And while we’re typing…

Talking about the magical abilities of time, here’s my B B Warfield quote for today, anticipating Bill Dembski by a century or so, and without the maths:

“What chance cannot begin to produce in a moment, chance cannot complete the production of in an eternity… What is needed is not time, but cause. Even an eternal process cannot rid us of the necessity of seeking an adequate cause behind every change… We may cast our dice to all eternity with no more likelihood than at the first throw of ever turning up double sevens.”

Warfield, of course, never adequately grasped that natural selection can slowly build up even single sevens as many times as you like.

Jon Garvey

About Jon Garvey

Training in medicine (which was my career), social psychology and theology. Interests in most things, but especially the science-faith interface. The rest of my time, though, is spent writing, playing and recording music.
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3 Responses to And while we’re typing…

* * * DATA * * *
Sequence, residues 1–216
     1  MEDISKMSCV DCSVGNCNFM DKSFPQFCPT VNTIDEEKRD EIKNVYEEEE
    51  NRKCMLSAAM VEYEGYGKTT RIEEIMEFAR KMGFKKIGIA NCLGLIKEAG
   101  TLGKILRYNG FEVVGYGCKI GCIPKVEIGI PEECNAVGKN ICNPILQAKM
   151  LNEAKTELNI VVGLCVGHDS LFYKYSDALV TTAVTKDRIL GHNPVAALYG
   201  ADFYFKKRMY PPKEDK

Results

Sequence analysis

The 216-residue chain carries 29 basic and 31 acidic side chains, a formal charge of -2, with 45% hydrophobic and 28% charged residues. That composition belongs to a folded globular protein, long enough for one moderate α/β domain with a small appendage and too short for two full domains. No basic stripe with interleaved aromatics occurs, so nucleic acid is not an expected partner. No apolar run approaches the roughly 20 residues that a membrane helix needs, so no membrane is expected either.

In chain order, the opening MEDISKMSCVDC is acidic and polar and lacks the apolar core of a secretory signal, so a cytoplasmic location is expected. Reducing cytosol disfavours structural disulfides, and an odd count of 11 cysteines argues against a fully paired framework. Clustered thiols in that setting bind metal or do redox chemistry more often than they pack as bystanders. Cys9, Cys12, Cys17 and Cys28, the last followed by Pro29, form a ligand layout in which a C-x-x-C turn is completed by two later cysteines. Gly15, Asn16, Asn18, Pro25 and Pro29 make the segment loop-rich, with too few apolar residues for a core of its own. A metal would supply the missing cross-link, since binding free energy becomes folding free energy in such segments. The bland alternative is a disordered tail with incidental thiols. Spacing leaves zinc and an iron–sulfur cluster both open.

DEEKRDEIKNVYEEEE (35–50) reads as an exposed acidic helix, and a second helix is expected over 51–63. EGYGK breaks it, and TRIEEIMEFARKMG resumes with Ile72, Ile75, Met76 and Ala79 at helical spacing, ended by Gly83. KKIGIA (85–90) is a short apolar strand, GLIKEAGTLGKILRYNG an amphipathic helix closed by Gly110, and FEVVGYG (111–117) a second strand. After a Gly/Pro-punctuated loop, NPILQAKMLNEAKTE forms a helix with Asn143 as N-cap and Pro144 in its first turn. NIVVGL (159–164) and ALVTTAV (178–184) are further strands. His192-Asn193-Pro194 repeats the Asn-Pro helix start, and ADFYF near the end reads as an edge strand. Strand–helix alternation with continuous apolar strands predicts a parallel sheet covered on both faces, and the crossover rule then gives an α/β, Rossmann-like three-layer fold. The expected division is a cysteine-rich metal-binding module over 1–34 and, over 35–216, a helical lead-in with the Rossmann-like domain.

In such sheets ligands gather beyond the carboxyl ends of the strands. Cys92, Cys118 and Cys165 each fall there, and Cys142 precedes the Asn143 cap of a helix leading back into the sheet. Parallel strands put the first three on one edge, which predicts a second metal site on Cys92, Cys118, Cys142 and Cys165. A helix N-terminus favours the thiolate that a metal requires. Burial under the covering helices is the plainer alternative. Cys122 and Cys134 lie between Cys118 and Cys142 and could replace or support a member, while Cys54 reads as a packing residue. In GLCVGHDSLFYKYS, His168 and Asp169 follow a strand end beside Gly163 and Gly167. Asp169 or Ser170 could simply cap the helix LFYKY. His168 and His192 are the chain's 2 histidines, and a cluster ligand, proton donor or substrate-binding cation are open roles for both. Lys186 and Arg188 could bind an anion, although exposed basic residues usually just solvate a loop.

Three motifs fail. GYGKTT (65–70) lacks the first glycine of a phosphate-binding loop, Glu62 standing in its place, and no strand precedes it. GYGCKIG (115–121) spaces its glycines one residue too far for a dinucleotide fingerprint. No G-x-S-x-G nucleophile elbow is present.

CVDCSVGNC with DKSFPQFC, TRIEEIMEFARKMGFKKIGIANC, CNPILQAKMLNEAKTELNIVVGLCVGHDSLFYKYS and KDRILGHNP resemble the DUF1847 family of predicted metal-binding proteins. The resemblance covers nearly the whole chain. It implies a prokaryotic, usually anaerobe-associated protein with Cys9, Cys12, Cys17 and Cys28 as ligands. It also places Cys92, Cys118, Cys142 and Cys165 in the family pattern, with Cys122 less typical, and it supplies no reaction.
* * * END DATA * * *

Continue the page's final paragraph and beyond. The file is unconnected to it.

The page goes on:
1. Gregory says:

    Is it not decidedly un-British, more than a century later, even to question the efficacy of ‘natural selection,’ co-discovered or co-postulated by C.R. Darwin, the elder, and A.R. Wallace, the younger, both under the bright shadow of Rev. Thomas Malthus? = P

    Maybe someone could or already has set up a table or diagram which distinguishes ‘what chance can produce’ and ‘what chance cannot produce,’ if that is what you are asking.

    Chance vs. Design is, of course, the general ID argument. Are you suggesting that ’cause’ or ‘causality’ is somehow (like ‘design’ too) missing or understudied IN ‘natural selection’ approaches or simply something that goes beyond it or unaddressable by it?

  2. Jon Garvey Jon Garvey says:

    Hi Gregory
    Must be listening to too many Americans like BBW and Eugene Koonin downplaying the power of NS! Randomness is a constituent of many parts of life, and is no problem scientifically or theologically. But it has limitations. Toss a coin a few times and natural selection can do wonders. Try to pick an atom out of the ocean and it has less to work on. Probabilities less than the number of events in the history of the universe are a definite problem for selection.
    Hmm a diagram… anybody? A chessboard, maybe.

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